The organic/inorganic composite typically comprises 10-90% by weight of the organic component, and 90-10% by weight of the inorganic particles. Preferably, the organic/inorganic composite comprises 30-70% by weight of the organic component, and 70-30% by weight of the inorganic particles, and more preferably comprises 40-60% by weight of the organic component, and 6040% by weight of the inorganic particles.

Because the organic component and the inorganic particles can be directly reacted by mixing for forming covalent or ionic bonds, the organic component of the organic/inorganic composite is not melted and ignited, preventing ignition and spreading of flame. After burning, the organic component of the organic/inorganic composite is converted into a carbonaceous layer, and the inorganic particles dissipate heat by radiation heat transfer. Further, because the organic/inorganic composite does not comprise the halide compound, no toxic gas comprising halogens is released when burning the organic/inorganic composite.

The fire-resistant coating material of the invention is in slurry form. The organic component in the coating material can be polymer, monomer, oligomer, prepolymer, or copolymer, while the organic component in a solidified coating can be oligomer, polymer, or copolymer. For the purposes of the invention, the term “polymer” refers to compounds having a number average molecular weight in the range of 1500 to over 1,00,000 Daltons, while “oligomer” refers to compounds having number average molecular weights in the range of 200 to 1499 Daltons.

In the organic/inorganic composite, the organic component and the inorganic particles are chemically bonded via reactions of corresponding reactive functional groups. The reactive functional groups of the organic component and inorganic particles include, but are not limited to, —OH, —COOH, —NCO, —NH3, —NH2, —NH, and epoxy groups. For example, an organic component having —COOH or —NCO groups (e.g., organic acid or reactive polyurethane) can be employed to react with inorganic particles having —OH groups (e.g., metal hydroxide). In addition, an organic component having epoxy groups can be employed to react with inorganic particles having —NH2 groups. Alternatively, an organic component having —OH groups (e.g., polyvinyl alcohol) may react with inorganic particles having —COOH or —NCO groups, and an organic component having —NH2 groups may react with inorganic particles having epoxy groups. 100141 The organic component suitable for use can include any monomer, oligomer, monopolymer, copolymer, or prepolymer that contains the above-mentioned reactive functional groups. The reactive functional groups may reside in the backbone or a side chain of the polymer. Preferred organic components include polyoragnic acid, polyurethane, epoxy, polyolefin, and polyamine. The polyorganic acid includes momopolymers or copolymers that contain carboxylic or sulfonic acids such as poly(ethylene-co-acrylic acid and poly(acrylic acid-co-maleic acid). Illustrative examples of epoxy include bis(3,4-epoxy-6-methylcyclohexylmethyl) adipate, vinylcyclohexene dioxide, diglycidyl tetrahydrophthalate, diglycidyl hexahydrophthalate, bis(2,3-epoxycyclopentyl) ether resin, glycidyl ethers of polyphenol epoxy resin. The polyamines suitable for use include polyamine and polyimide. Illustrative examples of polyamine include nylon 6 ((NH(CH2)5CO)n), nylon 66 ((NH(CH2)6-NH-CO(CH2)4CO)n), and nylon 12 ((NH(CH2)11CO)n). The polyimide includes diamine such as 4,4-oxydianiline, 1,4-bis(4-aminophenoxy)benzene, or 2,2-bis[4-(4-aminophenoxy)phenyl]propane; and also includes polyimide synthesized by the diamine and dianhydride such as oxydiphthalic anhydride, pyromellitic dianhydride, or benzophenone tetracarboxylic dianhydride. The polyolefin suitable for use includes copolymers of an olefin monomer and a monomer having the above reactive functional groups. It should be noted that the organic component also includes monomer, oligomer, copolymer and prepolymer of the above illustrative polymers. In addition, these organic components may be used alone or in an admixture of two or more.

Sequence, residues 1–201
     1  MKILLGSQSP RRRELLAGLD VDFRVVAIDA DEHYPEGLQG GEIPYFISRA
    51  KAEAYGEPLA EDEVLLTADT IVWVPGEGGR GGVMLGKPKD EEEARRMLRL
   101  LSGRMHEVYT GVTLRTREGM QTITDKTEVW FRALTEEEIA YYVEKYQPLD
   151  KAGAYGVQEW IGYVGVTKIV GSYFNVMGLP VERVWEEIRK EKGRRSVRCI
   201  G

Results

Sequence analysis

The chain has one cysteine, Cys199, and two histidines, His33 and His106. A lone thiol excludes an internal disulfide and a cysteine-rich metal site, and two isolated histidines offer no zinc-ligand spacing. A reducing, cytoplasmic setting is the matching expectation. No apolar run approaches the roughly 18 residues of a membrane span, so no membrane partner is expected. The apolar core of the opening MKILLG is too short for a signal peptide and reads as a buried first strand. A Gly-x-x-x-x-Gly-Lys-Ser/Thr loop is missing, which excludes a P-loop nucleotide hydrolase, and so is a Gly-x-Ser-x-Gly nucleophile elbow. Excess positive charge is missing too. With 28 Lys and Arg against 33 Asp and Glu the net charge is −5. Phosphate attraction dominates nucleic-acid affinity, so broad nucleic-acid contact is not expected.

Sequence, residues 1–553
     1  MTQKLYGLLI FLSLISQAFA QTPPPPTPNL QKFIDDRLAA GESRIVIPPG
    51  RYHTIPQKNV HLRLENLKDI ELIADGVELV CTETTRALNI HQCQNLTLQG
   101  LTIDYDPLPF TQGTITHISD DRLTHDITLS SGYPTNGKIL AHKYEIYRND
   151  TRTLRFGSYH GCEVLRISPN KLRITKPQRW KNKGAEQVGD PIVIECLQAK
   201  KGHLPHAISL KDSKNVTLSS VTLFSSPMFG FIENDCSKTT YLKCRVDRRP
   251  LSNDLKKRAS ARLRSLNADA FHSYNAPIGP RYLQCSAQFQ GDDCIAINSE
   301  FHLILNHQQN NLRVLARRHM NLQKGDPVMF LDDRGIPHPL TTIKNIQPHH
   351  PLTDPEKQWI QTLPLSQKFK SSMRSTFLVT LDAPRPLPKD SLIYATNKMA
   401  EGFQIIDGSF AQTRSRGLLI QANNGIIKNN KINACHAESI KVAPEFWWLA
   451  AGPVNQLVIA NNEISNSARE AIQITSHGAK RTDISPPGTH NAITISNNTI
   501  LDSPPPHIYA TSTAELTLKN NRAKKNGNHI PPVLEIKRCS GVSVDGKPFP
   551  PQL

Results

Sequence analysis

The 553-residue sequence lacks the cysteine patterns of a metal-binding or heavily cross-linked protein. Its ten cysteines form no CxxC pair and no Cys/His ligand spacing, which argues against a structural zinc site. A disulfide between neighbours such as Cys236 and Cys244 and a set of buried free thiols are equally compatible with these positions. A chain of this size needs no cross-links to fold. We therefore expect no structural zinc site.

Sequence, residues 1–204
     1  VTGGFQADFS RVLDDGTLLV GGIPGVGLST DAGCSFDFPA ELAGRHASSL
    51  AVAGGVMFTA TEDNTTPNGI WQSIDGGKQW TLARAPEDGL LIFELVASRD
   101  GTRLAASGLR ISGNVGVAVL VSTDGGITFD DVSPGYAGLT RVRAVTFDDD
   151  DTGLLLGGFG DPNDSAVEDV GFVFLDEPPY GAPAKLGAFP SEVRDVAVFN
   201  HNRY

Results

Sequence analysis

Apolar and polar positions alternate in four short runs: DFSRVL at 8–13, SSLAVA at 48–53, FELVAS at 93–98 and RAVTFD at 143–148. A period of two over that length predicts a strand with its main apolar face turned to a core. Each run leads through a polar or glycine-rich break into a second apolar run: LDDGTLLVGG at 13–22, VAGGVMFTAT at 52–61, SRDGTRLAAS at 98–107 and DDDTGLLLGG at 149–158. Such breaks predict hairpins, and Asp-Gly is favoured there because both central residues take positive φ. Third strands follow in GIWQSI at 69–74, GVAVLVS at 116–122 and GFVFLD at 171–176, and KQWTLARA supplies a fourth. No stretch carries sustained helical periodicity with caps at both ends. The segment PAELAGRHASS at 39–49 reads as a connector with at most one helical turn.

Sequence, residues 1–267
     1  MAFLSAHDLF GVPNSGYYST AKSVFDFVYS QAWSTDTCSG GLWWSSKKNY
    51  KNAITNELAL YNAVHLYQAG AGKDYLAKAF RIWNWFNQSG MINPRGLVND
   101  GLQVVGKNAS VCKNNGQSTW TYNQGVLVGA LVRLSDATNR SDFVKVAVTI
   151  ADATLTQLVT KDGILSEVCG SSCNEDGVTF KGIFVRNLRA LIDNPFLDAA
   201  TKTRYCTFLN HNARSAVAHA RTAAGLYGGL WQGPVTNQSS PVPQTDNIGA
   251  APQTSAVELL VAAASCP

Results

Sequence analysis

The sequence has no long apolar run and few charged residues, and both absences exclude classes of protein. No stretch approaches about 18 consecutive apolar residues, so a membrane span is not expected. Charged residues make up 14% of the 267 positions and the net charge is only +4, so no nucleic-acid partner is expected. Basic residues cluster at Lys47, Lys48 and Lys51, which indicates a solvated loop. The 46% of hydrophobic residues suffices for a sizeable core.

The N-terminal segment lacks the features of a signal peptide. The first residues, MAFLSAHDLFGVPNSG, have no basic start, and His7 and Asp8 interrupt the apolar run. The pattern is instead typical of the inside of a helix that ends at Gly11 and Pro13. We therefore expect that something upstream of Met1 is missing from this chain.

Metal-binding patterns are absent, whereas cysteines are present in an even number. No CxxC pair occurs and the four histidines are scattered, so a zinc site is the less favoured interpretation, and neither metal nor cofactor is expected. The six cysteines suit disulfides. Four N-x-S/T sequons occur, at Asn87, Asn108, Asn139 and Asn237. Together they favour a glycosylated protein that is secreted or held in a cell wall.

The inorganic particles suitable for use are those having corresponding functional groups, originally or after surface modification, that can react with the functional groups of the organic component. The preferred inorganic particles include hydroxide, nitride, oxide, carbide, metal salt, and inorganic layered material. The hydroxide includes metal hydroxide such as Al(OH)3 or Mg(OH)2. The nitride includes, for example, BN and Si3N4. The carbide includes, for example, SiC. The metal salt includes, for example, CaCO3. The inorganic layered material includes, for example, clay, talc, and layered double hydroxide (LDH), wherein the clay can be smectite clay, vermiculite, halloysite, sericite, saponite, montmorillonite, beidellite, nontronite, mica, or hectorite. The inorganic particles also can be used in an admixture of two or more. For example, a clay having reactive functional groups can be used in combination with metal hydroxide. Suitable inorganic particles include micro-sized particles and nano-sized particles. Nano-sized particles having diameters between 1 and 100 nm are particularly preferred because the smaller particle size the greater the surface area per unit weight.